Newsroom24x7 has published a series of exclusive stories exposing how leadership deficit in ISRO has retarded the progress of India’s space programme in recent years. We have also unearthed scams and serious irregularities in ISRO – most of it during the tenure of Dr K Sivan, the Present Secretary Department of Space and ex-officio Chairman ISRO. After repeated extensions in service, everyone connected with ISRO is now asking wheher or not Sivan, who was given a one-year extension last year, will get one more extension. Sivan is due to retire on 14 January 2022.
Sivan can be given another extension only for 6 months as he cannot remain in Government of India service after attaining the maximum permissible age of 65.
Questions are being asked in knowledgeable circles whether or not Sivan would himself seek or accept extension for another six months because everyone knows that if he takes extension, he would be playing the most uncomfortable role of presiding over the disbanding of a lot that has been built over long years by committed and ditinguished scientists for ISRO and India’s space programme. For the gullible all this would be normal since private players have been allowed entry into the space sector and, with passage of time, no one will ask “Who shrunk ISRO”. The knowledgeable would prefer to ignore and the less informed will never know that approval for private sector participation by the Modi Cabinet was approved apparently by:
- falling standards of leadership when it came to steering India’s space programme coupled with intolerance of bright colleagues
- poorer mission quality (like poor image quality and mispointing of many flagship remote sensing satellites)
- mission failures like Chandrayan 2 lander and GSAT 6A
- NAVIC atomic clock failure
- public spectacle of attempt to stall India’s first HTS GSAT 11, which ultimately had to be launched but with escalated cost
- loss in focus in application of remote sensing data and stalling the easy availability of Remote Sensing data to multiple users
- lack of action in Gaganyaan programme.
The present ISRO leadership has falsely tried to take the credit for the space sector reform process set in motion by the Cabinet presided by Prime Minister Modi. In fact, the present dispensation virtually scuttled the privatisation move and had issued only an expression of interest in 2019. It also closed the small satellite program and virtually killed most of the societal applications.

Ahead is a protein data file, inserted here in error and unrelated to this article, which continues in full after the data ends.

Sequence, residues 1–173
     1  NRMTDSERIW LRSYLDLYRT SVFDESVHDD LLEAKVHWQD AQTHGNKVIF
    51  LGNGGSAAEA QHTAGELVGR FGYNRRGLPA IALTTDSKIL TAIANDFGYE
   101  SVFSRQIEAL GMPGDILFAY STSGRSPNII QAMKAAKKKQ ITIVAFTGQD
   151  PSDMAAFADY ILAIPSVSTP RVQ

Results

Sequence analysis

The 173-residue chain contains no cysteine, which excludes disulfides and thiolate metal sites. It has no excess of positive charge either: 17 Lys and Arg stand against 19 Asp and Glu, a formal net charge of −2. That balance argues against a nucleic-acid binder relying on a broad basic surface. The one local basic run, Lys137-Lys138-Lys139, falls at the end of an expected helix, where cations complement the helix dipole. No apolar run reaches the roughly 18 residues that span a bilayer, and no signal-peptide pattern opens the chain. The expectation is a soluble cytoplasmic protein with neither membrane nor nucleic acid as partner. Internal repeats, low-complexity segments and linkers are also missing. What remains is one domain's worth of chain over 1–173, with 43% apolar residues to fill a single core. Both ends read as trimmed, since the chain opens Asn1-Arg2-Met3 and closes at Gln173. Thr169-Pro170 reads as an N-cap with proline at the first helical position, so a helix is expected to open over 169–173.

Furthermore, when the Space Sector is being opened up, it needs, along with a strong legal framework, a regulatory mechanism that should not become a sinecure for retired ISRO scientists. It is also necessary to ensure there is no geo-spatial information cartel of ex-ISRO functionaries.
At the same time, an institution like ISRO should not be broken up and allowed to get swallowed by corporates that are eyeing it’s considerable manpower, assets and intellectual property.
Already we have a scenario where Indian National Space Promotion and Authorization Center (IN-SPACe) has been set up to act as an autonomous body, under Department of Space (DoS), as a single window nodal agency for enabling and regulating space activities and usage of ISRO facilities by NGPEs.
- Importantly, IN-SPACe will work out a suitable mechanism to offer sharing of technology, expertise and facilities on free of cost wherever feasible or at reasonable cost basis to promote NGPEs.
- IN-SPACe will act as an autonomous body, under DOS, as a single window nodal agency for enabling and regulating space activities and usage of ISRO facilities by NGPEs.
- IN-SPACe will also permit establishment of facilities, within ISRO premises, based on safety norms and feasibility assessment.
- The marketing, sharing and dissemination of remote sensing data shall be governed by Remote sensing policy. Each application requiring examination as per new policy will be examined and permitted by IN-SPACE factoring legal and security aspects.
- The decision of IN-SPACe shall be final and binding on all stakeholders including ISRO. NGPEs will not be required to seek separate permission from ISRO.
It is too well known that many satellites were launched by ISRO with 2 to 5 years lag in setting up of ground segments. The aborted GISAT-1 launch exposed the disconnect with user departments. The lid is now off as the termination of funding and projects by user departments and security agencies a couple of months ago has put a question mark on the continuity in service of about of 6000 engineers beyond March 2022 . According to available information, these enginners, working on adhoc basis, have got a temporary lease of life due to funding available from Government of India’s consolidated fund. In the meanwhile all ISRO launches have been put on the backburner and there is a strong likelihood that under the prevailing cicumstances, senior engineers and scienstists would be left with no option but to seek voluntary retirement.
CHECK: What ails ISRO